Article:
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[137] English manufactures. England had on her
Chap XXXII} 1768. March
side the general affection of the people, the certainty that the country could not as yet manufacture for itself, and consequently the certainty that the schemes of non-importation would fail. If she refuses to take back the last Revenue Act, there is danger that she will substitute a frank and upright man for Bernard, whose petulance, duplicity, and corruption are now exposed, and patiently await the time when the wants of the colonists will weary them of their self-denial, and lead them to abandon it of themselves.

But the administration of public affairs had degenerated into a system of patronage, which had money for its object; and was supported by the King from the love of authority. The Government of England had more and more ceased to represent the noble spirit of England. The Twelfth Parliament, which had taxed America and was now near its dissolution, has never been rivalled in its bold profligacy. Its predecessors had been corrupt. The men of Bolingbroke's time took bribes more openly than those of Walpole; those of Walpole than those of the Pelhams; and those of the Pelhams, than those since the accession of George the Third; so that direct gifts of money were grown less frequent, as public opinion increased in power. But there never was a Parliament so shameless in its corruption as this Twelfth Parliament which virtually severed America from England. It had its votes ready for any body that was Minister, and for any measure that the Minister of the day might propose. It gave an almost unanimous support to Pitt, when, for the last time in seventy years, the foreign politics of England were on the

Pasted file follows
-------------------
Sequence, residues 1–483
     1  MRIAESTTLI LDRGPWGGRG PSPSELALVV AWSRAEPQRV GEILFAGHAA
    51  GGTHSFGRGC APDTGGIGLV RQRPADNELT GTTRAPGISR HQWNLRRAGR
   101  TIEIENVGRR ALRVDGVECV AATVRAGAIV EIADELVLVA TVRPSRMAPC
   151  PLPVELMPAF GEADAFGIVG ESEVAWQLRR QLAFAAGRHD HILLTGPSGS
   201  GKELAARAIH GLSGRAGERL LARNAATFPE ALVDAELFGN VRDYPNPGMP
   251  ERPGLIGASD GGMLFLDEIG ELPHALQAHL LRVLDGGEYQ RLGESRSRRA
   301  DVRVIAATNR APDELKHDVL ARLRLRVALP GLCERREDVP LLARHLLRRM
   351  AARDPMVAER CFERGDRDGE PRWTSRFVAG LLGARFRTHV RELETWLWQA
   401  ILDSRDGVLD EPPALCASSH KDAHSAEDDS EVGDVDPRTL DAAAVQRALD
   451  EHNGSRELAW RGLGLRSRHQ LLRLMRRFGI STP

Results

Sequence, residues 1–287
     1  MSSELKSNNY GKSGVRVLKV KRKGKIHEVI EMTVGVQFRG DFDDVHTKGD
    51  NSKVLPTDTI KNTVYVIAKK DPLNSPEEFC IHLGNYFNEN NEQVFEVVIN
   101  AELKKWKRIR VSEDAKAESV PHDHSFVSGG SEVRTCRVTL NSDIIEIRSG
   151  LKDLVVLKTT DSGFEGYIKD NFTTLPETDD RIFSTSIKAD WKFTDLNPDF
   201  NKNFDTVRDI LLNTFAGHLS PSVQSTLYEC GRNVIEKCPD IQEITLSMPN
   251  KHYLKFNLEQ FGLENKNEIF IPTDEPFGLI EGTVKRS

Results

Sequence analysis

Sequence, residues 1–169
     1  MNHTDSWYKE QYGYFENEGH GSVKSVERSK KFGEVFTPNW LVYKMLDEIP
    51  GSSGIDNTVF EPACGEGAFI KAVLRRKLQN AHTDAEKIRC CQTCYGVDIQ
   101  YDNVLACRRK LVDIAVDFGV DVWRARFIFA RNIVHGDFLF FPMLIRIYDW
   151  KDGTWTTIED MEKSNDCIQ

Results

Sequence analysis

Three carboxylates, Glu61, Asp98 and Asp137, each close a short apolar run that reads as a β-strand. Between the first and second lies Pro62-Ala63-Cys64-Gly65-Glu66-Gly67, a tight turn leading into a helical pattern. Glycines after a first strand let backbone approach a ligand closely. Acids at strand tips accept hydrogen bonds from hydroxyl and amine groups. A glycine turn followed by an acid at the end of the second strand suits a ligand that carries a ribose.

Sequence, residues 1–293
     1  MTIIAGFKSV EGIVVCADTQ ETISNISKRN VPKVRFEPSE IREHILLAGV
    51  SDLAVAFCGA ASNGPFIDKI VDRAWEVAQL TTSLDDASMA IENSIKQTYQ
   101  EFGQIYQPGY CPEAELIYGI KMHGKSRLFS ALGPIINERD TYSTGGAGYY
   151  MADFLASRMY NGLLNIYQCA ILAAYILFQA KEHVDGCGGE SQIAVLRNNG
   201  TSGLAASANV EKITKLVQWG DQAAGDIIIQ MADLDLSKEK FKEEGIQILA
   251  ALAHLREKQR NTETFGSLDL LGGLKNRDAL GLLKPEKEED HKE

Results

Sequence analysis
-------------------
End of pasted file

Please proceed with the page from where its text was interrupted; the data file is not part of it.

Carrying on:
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Horace Walpole (2)
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